Tomorrow grew out of The In-Crowd. I joined The In-Crowd when the original Fairies from Colchester came to a grinding halt. Even though we were doing a few gigs, we just weren't going anywhere.Steve Howe and Keith West came to see me play one evening at the Cafe des Artistes in London. At the end of the evening Steve Howe asked me if I would join The In-Crowd because their drummer had left. I saw them play before and I thought they were amazing. They were an R&B/Soul band. It was great. So I just jumped at the opportunity and gave my notice to The Fairies that night and became the drummer for The In-Crowd the next day.
There was a change in music going on at that time. I was living in Chelsea, at the heart of the new fashions and music. By luck I was living there. The rest of the guys in The In-Crowd were living with their mums and dads at the time. I was hanging out with the people from Granny Takes a Trip and they were turning me onto this new psychedelic wave of interesting things. They told me I should go to the UFO Club and see The Pink Floyd. I was mesmerized by the whole thing. It was fantastic. I told the rest of the guys about what was going on and that we needed to play there because it was the place to play. This is about late '66/early '67.We tried to get a gig at the UFO Club but they refused to book a band called The In-Crowd. By the time we were approaching the UFO Club to play, our music was changing, we were doing extended guitar solos, more free form experimentation with the music, and we started writing our own material. We decided we needed a complete overhaul. The atmosphere demanded it. We weren't opposed to it. So we agreed to change our name to Tomorrow. I took everyone along to Granny Takes a Trip and kitted them out with Granny clothes at a very special discount, and the rest is history. We got the gig at the UFO Club and we became kind of the resident band after The Floyd.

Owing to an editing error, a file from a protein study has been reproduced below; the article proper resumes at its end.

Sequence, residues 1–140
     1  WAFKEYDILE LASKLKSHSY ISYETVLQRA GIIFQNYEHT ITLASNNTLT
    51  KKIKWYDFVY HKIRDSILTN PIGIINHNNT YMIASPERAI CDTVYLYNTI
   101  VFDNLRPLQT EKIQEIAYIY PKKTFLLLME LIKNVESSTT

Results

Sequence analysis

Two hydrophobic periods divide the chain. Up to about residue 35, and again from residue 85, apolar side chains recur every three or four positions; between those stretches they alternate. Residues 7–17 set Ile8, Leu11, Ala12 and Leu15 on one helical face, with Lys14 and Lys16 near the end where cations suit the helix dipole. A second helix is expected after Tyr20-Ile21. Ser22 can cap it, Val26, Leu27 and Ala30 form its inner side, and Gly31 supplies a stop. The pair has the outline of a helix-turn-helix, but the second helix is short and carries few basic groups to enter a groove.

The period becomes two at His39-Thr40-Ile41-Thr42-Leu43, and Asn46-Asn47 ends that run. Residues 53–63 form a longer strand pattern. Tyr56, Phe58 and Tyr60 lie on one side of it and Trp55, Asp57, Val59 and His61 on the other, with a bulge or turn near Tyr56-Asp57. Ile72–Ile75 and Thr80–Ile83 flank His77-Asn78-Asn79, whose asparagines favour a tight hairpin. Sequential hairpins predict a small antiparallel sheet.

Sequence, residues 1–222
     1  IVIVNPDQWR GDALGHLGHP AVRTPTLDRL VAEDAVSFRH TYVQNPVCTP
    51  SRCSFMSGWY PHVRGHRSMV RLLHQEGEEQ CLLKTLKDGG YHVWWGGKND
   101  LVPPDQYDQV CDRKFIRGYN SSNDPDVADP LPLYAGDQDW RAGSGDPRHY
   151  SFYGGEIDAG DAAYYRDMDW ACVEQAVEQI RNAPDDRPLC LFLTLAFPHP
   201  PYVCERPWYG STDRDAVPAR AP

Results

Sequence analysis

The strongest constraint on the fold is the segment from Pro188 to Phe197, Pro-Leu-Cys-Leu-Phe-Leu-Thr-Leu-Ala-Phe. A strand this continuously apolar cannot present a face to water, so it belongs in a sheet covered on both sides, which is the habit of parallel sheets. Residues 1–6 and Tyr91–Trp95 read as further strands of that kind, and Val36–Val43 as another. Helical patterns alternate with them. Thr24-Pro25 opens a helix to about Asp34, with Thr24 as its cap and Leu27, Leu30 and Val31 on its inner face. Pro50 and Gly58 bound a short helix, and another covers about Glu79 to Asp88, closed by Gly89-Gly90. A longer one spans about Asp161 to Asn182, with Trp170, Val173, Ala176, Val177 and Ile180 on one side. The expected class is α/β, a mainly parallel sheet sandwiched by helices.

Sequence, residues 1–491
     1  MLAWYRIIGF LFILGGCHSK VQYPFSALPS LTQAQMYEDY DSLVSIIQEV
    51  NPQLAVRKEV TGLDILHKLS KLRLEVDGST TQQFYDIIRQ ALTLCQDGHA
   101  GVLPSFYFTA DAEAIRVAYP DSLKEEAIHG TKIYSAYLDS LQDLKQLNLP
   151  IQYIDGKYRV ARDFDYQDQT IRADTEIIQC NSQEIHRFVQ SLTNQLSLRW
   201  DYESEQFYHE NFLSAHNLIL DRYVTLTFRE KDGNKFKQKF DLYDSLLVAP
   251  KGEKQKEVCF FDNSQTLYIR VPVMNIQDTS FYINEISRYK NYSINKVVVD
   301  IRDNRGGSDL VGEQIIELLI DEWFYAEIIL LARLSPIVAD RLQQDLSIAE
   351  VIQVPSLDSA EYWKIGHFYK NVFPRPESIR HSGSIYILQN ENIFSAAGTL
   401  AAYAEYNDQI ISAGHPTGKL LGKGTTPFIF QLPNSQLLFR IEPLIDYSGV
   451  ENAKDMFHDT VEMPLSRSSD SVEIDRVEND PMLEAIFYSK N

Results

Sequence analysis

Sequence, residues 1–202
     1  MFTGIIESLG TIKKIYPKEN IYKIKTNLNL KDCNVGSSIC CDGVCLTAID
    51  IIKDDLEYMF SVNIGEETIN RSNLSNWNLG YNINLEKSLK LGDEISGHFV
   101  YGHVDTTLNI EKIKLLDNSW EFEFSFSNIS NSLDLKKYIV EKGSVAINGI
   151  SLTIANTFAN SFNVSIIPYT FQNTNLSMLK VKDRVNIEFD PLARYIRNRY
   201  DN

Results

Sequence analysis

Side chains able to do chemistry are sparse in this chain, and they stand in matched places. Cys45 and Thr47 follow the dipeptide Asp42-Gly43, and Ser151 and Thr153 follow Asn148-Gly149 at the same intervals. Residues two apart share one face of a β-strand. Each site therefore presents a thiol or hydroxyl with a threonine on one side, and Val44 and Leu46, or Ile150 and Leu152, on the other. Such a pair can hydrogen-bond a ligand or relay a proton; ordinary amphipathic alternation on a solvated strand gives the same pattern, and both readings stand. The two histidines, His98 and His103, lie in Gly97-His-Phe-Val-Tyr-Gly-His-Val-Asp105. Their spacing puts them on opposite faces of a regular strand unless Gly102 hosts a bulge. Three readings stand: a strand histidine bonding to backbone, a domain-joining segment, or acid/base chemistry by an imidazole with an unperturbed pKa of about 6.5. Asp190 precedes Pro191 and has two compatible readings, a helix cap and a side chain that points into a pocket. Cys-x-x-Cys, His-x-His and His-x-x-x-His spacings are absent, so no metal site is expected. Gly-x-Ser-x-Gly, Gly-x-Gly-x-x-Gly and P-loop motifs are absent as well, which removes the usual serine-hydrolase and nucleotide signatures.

"My White Bicycle" was written out of what was actually going on in Amsterdam. One of the owners of Granny Takes a Trip, Nigel Weymouth, had gone there and come back with a Provos badge which he gave to me. They were kind of like a student anarchist group that believed everything should be free. In fact, they had white bicycles in Amsterdam and they used to leave them around the town. And if you were going somewhere and you needed to use a bike, you'd just take the bike and you'd go somewhere and just leave it. Whoever needed the bikes would take them and leave them when they were done.
Nigel told me about this and I told Keith West (lead singer) this and a bit later we went to Amsterdam and he wrote a song about it. So "My White Bicycle" comes out of that Provo thing.
The main guitar theme of "My White Bicycle" comes from what we were listening to at the time. We were listening to Ravi Shankar and Gabor Zarbo at the time. So our influences were Indian mainly. Steve may have picked up on that with the riff or he may have just pulled it out of the air, I don't know. It's like a droning sitar sound.
We recorded the album at Abbey Road Studios starting in the Spring of 1967. The Beatles were working on ST. PEPPER'S LONELY HEARTS CLUB BAND. Our album was released in early 1968.